Submission Fee: $100; Getting Published: Priceless?

Perhaps I’ve ignored this for a while because I didn’t want to admit it to myself, but writing is an expensive profession.  The physical materials–paper, pens, ink cartridges–are reasonable, but the money you have to shell out to get your work published makes a pretty significant dent in the bank account.  I’ve started keeping track of my expenses for tax purposes and it’s staggering to add up how much I’m actually spending on my writing.  In the last month alone:

New South submission fee: $2.50

The Madison Review submission fee: $2.00

Tiny Texas House Writing Contest fee: $50.00

Press 53 Annual Writing Contest: $17.00

Writer’s Digest YA Short Fiction Contest: 2 submissions at $20 each; $40

The Potential Chance of Getting Published: Priceless?

Everyone keeps arguing that “vanity publishing” and “self-publishing” is so expensive that it makes the practice ludicrous.  But, at this point, I feel that traditional publishing is just as expensive (except it’s sneaky so nobody realizes it) for the author and with less chance of it actually paying off.  With self-publishing, you’re published.  The End.  You paid the money and it happened.  But, with submissions and writing contests, you’re submitting money for no guarantee (not that author’s should have the right to pay publications money and expect to see their work in print; I totally believe in editorial review boards being selective).  From a personal financial point of view, is it worth it?  Will it ever pay off?


Published by hannahkarena

author & book publishing person.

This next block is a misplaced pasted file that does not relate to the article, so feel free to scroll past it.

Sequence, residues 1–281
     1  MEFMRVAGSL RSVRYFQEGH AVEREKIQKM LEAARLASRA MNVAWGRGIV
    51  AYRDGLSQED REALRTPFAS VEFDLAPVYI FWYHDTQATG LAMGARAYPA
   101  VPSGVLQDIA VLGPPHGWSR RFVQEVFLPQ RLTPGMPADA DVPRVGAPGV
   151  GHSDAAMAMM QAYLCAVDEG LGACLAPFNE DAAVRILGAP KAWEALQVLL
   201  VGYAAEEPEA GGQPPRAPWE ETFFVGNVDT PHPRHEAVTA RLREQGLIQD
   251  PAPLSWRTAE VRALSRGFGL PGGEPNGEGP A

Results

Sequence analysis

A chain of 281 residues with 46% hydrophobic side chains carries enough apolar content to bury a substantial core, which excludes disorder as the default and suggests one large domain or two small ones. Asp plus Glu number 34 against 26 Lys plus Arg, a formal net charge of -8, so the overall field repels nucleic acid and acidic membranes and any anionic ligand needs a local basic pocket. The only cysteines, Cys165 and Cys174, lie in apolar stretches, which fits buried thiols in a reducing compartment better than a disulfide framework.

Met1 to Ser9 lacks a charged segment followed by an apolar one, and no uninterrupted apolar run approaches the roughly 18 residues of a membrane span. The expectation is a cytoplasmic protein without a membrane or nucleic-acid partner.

3 thoughts on “Submission Fee: $100; Getting Published: Priceless?

  1. The publishing industry seems to be a bit like an old gentlemen’s club. You may have to do some favors for someone on the inside to invite you in, but once you do there is a great chance that the rest will invite you back from time to time. Self publishing is like being the waiter and hoping to work your way up. Two different approaches. Neither is wrong.


    1. I would agree that the publishing industry is that way for jobs. It’s hard to get an interview unless you know somebody. And being a self-employed freelance editor or copywriter is kind of like being the waiter, working your way up to a full-time position. As for actually getting writing published, I would agree with your analogy…sometimes. I think some of the bigger, older, most-established publications are like an exclusive club and are kind of picky about your name (is it popular?) and where you come from (any other good credits?). But there are a lot of publications that purposely seek the underdog, the up-and-coming, undiscovered writer. And some publications have a policy of blind reading submissions. Even if you’re a waiter, if you’re skills are good enough, you’ll get noticed.


  2. I guiltily admit that I shy away from literary magazines that require a reading fee, or which strongly suggest you subscribe to their $10 serial.

    Sure, it doesn’t sound like much, but as a lowly, poorly-paid uni student, all of that adds up!

    However, you are absolutely right; getting published would cast all thoughts of money from my mind. Perhaps it’s time a started a nest egg, solely for my submissions…


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